Bradley’s Bankruptcy Basics: 5 Significant (if Temporary) Amendments to the Bankruptcy Code Resulting from the COVID-19 PandemicAs we cross the one-year anniversary of the COVID-19 pandemic, we reflect on the multiple amendments to the Bankruptcy Code that have been implemented to help curb the effects of various economic shutdowns and financial hardships caused by the coronavirus. These Bankruptcy Code amendments are only temporary, but Congress is considering extending them to facilitate

Bradley’s Bankruptcy Basics: Chapter 13 Bankruptcy — Consumer Bankruptcy with a Payment PlanChapter 13 bankruptcy provides relief only to individuals with regular income. This Chapter is most frequently used by debtors who have sufficient disposable monthly income to make some payments over time to their creditors. Chapter 13 debtors frequently have enough equity in their residence that, if they were to file for Chapter 7, the residence

Bradley’s Bankruptcy Basics: Chapter 11 Bankruptcy — ReorganizationChapter 11 bankruptcy cases are most frequently filed by businesses. However, certain high-earning individuals whose debts are above the statutory debt limits to qualify for Chapter 13 can also file for Chapter 11 relief. In Chapter 11 cases, the debtor retains control of its operations as a debtor in possession (DIP) and has the benefits

Bradley’s Bankruptcy Basics: Chapter 7 Bankruptcy — LiquidationChapter 7 bankruptcy cases are straight liquidations sought by debtors who wish to have most or all of their debts discharged. In Chapter 7 cases, the Chapter 7 trustee obtains control over the debtor’s assets and evaluates whether any equity exists that would offset the costs of selling those assets. If the bankruptcy estate will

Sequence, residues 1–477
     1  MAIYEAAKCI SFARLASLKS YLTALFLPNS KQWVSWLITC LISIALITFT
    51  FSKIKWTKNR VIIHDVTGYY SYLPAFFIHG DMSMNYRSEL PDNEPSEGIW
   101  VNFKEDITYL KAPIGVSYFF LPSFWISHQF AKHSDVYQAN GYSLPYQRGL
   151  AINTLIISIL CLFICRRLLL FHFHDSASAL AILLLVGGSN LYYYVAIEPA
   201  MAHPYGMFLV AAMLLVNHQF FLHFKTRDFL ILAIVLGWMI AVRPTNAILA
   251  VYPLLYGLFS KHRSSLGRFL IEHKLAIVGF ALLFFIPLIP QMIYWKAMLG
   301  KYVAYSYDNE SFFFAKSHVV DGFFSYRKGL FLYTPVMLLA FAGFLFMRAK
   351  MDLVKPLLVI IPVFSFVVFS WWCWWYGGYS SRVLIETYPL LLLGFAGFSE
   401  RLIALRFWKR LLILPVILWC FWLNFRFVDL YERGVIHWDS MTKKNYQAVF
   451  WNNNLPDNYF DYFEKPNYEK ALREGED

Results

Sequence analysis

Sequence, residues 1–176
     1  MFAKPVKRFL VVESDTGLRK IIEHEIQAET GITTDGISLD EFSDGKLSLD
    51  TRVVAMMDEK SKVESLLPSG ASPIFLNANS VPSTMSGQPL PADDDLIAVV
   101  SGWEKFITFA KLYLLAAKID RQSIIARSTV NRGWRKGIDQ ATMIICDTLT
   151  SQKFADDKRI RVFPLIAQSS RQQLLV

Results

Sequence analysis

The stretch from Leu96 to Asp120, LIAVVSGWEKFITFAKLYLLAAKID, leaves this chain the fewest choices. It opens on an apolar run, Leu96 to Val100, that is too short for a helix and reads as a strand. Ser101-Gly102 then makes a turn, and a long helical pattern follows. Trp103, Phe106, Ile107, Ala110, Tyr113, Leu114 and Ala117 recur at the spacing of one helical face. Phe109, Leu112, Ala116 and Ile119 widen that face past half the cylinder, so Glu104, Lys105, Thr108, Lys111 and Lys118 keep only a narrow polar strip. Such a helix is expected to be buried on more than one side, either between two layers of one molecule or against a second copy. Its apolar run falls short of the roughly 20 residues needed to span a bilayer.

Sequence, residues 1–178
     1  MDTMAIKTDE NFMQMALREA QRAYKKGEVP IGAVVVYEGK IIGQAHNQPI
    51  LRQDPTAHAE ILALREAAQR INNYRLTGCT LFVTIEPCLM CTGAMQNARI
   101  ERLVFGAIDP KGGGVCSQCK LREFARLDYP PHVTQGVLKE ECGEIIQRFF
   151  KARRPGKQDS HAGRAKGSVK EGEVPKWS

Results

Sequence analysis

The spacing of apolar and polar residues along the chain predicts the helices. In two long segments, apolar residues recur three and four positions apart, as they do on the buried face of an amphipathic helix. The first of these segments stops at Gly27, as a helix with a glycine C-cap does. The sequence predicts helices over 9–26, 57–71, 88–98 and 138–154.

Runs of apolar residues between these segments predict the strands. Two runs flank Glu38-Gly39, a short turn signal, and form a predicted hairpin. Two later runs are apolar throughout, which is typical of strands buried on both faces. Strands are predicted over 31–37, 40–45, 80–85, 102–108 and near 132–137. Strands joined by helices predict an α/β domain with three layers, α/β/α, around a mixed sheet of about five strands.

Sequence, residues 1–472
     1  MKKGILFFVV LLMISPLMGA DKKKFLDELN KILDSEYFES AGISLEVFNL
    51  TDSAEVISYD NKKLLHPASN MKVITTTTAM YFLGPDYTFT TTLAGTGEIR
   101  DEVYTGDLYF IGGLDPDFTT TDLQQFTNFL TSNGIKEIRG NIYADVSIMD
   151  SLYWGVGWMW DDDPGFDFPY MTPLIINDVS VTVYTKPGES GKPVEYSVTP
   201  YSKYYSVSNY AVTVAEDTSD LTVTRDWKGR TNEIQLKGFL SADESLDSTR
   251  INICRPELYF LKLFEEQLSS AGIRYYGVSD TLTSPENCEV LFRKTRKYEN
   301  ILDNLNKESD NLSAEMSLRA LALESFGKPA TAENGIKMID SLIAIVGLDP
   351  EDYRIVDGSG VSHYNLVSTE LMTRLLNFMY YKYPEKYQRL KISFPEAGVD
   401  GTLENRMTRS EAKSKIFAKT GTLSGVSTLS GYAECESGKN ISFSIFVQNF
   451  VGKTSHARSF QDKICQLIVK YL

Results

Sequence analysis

Bradley’s Bankruptcy Basics: The 6 Key “Players” in Bankruptcy CasesBankruptcy cases differ from typical lawsuits in a variety of ways, including the parties involved. Whereas standard lawsuits generally involve a plaintiff and a defendant, bankruptcy cases have a different cast of “players,” including the debtor or debtor in possession, creditors, the bankruptcy trustee (i.e., Chapter 7 trustee, Chapter 13 trustee, etc.), committees, and the

Bankruptcy. The arrival of that notice stating a customer has filed for bankruptcy can evoke less-than-ideal responses: forwarding the notice to someone else who might know what to do with it (resulting in the notice ending up in a forever loop of being forwarded along); immediately writing off the account and cutting your losses; or,

CFPB Publishes Supervisory Highlights Special Edition Focusing on COVID-19 Prioritized Assessments; Mortgage Servicing Issues Are Front and CenterOn January 21, 2021, the Consumer Financial Protection Bureau (CFPB) released the 23rd issue of its Supervisory Highlights report, a special edition focusing entirely on the COVID-19 Prioritized Assessments that have been going on since the summer. The report provides general observations on the Prioritized Assessments and then moves into the areas of

What Does CA AB 3088 Mean for Mortgage Servicers? PART IILast year, our blog, What Does CA AB 3088 Mean for Mortgage Servicers?, examined some new and notable obligations California imposes on mortgage servicers, including requirements to provide forbearance denial notices. In that blog, we promised the publication of a Part II that further expanded upon CA AB 3088. In this Part II, we

Bankruptcy Court Upholds Foreclosure Sale That Occurred Between Bankruptcy Case Dismissal and Subsequent ReinstatementFrequently, borrowers file for bankruptcy at the 11th hour to halt foreclosure sales. Once a petition for bankruptcy relief has been filed, secured creditors must cease their collection efforts to avoid violating the automatic stay. However, the automatic stay terminates upon a debtor’s dismissal and closure of the bankruptcy case. A Pennsylvania bankruptcy court

Four Significant Changes to Consumer Bankruptcy Included in the Consolidated Appropriations Act, 2021On December 21, 2020, Congress passed the Consolidated Appropriations Act, 2021 (CAA 2021). Similar to the March 2020 CARES Act, several temporary changes to the Bankruptcy Code are included in Title X of the CAA 2021. Below, we examine four of the CAA 2021’s most significant changes to consumer bankruptcy laws. These changes are